Black Mountain Blows The Doors Off D.C.’s Rock and Roll Hotel

  • Black Mountain is the rare band that is tighter live than in the studio.   Last night they came to D.C.’s Rock and Roll Hotel and had a volcanic eruption.  
  • Stephen McBean was a surprisingly low-key front man, given how dominant his singing is on both Black Mountain and sister-band Pink Mountaintops records, and he seemed more comfortable playing guitar back by the amps while Amber Webber held the center stage.  From the moment they struck up “Stormy High” from their new LP “In The Future,” it was clear that Black Mountain is one highly gelled unit, as tight as the Stones in ’69, more propulsive than Led Zeppelin, with greater psychedelic range than any of the San Francisco bands or even the “Ummagumma”-era Pink Floyd.  Yeah, I know the company I’m putting them in.  I don’t do it casually.
  • Maybe it shouldn’t be a surprise that Matthew Camirand and Joshua Wells were riveted together, the most urgent rhythm section on God’s green Earth, at least since John Bonham slipped away.  After all, they’re the heart and soul of Blood Meridian, but that’s an alt-country band, for cryin’ out loud. Camirand finger picks a Gibson bass while Wells wallops his drum kit like John Henry besting the infernal machine.  Interestingly, on “Druganaut”–  which is a killer in both recorded versions, but last night was played at a looser, ever so slightly slower tempo — Wells plays the beat backwards, they way Charlie Watts plays reggae.  It was very subtle, and magnificent.
  • Amber Webber sings in a warbly ululation like a Yemeni widow at a funeral procession, but she basically just stands there, cool as a cucumber.  For a band so centered on call-and-response vocals — all kidding aside, Webber and McBean are not unlike Sly Stone and his sister going back and forth in “Dance to the Music” — she and McBean are exceptionally easy going.
  • McBean looks like he purposely is trying to scare young children, with his thick long hair and black beard, but he plays the guitar like a genie.  “That guitarist carried the band,” I heard some kids say on the street as we left the surprisingly Mudd Club-like Rock And Roll Hotel.  I disagree — the MVP for this outing, and I suspect others, is clearly Joshua Wells — but McBean’s at least on par with Dave Gilmour in being able to project a band like this into deep space.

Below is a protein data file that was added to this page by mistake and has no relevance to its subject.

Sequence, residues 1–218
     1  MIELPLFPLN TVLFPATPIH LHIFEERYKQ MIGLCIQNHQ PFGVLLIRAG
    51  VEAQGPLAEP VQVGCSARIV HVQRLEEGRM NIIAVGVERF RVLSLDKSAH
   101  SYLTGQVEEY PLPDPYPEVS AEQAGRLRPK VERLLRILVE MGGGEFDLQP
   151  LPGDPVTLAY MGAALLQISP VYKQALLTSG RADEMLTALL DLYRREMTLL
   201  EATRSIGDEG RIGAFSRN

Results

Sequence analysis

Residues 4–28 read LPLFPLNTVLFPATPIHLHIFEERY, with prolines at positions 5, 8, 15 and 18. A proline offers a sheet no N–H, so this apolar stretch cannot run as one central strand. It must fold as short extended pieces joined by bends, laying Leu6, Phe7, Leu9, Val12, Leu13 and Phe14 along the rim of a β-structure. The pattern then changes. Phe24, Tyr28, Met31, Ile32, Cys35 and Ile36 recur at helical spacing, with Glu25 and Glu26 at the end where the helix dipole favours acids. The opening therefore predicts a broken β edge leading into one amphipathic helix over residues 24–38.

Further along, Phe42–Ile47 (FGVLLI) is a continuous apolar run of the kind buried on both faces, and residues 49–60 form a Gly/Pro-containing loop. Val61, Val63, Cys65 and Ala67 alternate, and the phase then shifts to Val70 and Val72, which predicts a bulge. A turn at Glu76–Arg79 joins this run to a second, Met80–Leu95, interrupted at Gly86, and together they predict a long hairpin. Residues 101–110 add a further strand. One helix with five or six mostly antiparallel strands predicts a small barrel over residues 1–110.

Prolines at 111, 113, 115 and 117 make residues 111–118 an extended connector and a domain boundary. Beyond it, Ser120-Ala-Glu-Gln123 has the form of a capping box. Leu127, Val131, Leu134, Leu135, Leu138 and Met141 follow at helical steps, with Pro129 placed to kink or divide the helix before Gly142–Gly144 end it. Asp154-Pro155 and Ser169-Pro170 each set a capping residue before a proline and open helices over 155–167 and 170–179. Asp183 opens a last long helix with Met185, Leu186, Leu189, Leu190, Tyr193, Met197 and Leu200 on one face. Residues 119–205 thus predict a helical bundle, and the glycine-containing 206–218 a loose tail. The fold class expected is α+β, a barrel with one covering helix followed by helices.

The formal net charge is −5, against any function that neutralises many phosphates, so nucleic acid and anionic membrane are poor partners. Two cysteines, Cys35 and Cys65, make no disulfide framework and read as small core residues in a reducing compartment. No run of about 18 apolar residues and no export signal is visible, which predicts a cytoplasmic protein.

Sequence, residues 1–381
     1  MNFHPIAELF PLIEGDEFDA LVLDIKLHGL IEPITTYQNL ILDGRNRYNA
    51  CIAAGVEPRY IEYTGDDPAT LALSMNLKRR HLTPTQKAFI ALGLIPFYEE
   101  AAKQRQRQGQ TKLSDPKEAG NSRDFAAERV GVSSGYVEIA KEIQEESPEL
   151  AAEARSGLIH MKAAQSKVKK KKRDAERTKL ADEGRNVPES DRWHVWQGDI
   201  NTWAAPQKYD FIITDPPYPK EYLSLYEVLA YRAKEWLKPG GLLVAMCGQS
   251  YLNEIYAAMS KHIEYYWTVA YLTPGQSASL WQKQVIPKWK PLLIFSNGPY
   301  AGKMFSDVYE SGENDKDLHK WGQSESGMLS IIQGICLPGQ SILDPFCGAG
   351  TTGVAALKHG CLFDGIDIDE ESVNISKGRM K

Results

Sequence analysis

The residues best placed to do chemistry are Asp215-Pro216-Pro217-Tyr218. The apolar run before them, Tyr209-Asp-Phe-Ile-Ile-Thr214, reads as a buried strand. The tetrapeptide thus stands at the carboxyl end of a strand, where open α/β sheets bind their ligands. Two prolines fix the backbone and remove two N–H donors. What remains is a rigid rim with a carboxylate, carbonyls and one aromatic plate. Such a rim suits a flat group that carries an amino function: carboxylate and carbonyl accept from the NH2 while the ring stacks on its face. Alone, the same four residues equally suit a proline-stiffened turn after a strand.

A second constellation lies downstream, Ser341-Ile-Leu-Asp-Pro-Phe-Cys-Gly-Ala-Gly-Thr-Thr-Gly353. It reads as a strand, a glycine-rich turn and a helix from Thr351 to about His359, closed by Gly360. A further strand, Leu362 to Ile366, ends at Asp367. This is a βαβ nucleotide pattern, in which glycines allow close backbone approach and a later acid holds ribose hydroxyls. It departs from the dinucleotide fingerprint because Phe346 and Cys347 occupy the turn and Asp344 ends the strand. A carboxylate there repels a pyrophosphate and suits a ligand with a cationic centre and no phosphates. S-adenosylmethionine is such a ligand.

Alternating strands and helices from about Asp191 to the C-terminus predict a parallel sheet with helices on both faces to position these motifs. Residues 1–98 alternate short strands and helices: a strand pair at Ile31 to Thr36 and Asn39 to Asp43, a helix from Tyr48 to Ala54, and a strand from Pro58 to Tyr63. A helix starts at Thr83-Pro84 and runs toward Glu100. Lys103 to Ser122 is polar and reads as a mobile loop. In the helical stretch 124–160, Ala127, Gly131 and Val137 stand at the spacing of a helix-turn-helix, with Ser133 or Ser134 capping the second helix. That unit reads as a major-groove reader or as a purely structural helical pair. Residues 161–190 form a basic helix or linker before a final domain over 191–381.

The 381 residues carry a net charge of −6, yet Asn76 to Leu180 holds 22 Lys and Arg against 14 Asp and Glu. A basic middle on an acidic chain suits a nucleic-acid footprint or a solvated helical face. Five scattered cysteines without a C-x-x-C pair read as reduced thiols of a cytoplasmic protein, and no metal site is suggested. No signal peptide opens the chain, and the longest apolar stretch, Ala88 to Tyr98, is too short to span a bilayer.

• In the review of “In The Future,” Tulip Frenzy earlier chided them for channeling Deep Purple, but Jeremy Schmidt’s keyboards pay as much of a debt to Pere Ubu’s Alan Ravenstine’s analog synth as they do to, say, Keith Emerson.
  • The set was a surprisingly fast-paced sonic goo, never bogging down into vanilla fudge, even on the loooong songs.  “Stormy High” kicked off the set, and they played most of “In The Future,” before finishing up with a one-two punch of “Druganaut” and “No Satisfaction” from their first album.  I’m used to the campfire version of “No Satisfaction,” but this was pure punk rock. 
  • Under most circumstances, listening to a band invoke the early ’70s sound of pre-heavy metal psychedelia is not my idea of fun.  I’m kind of stunned that in 2008, the best real rock’n’roll around is being made by a band just this side of prog.  But it’s all true.  Black Mountain blew the doors off the Rock and Roll Hotel.
NPR helpfully aired the whole thing.  Want to hear what I’m talking about? Link here: http://www.npr.org/templates/story/story.php?storyId=19086361

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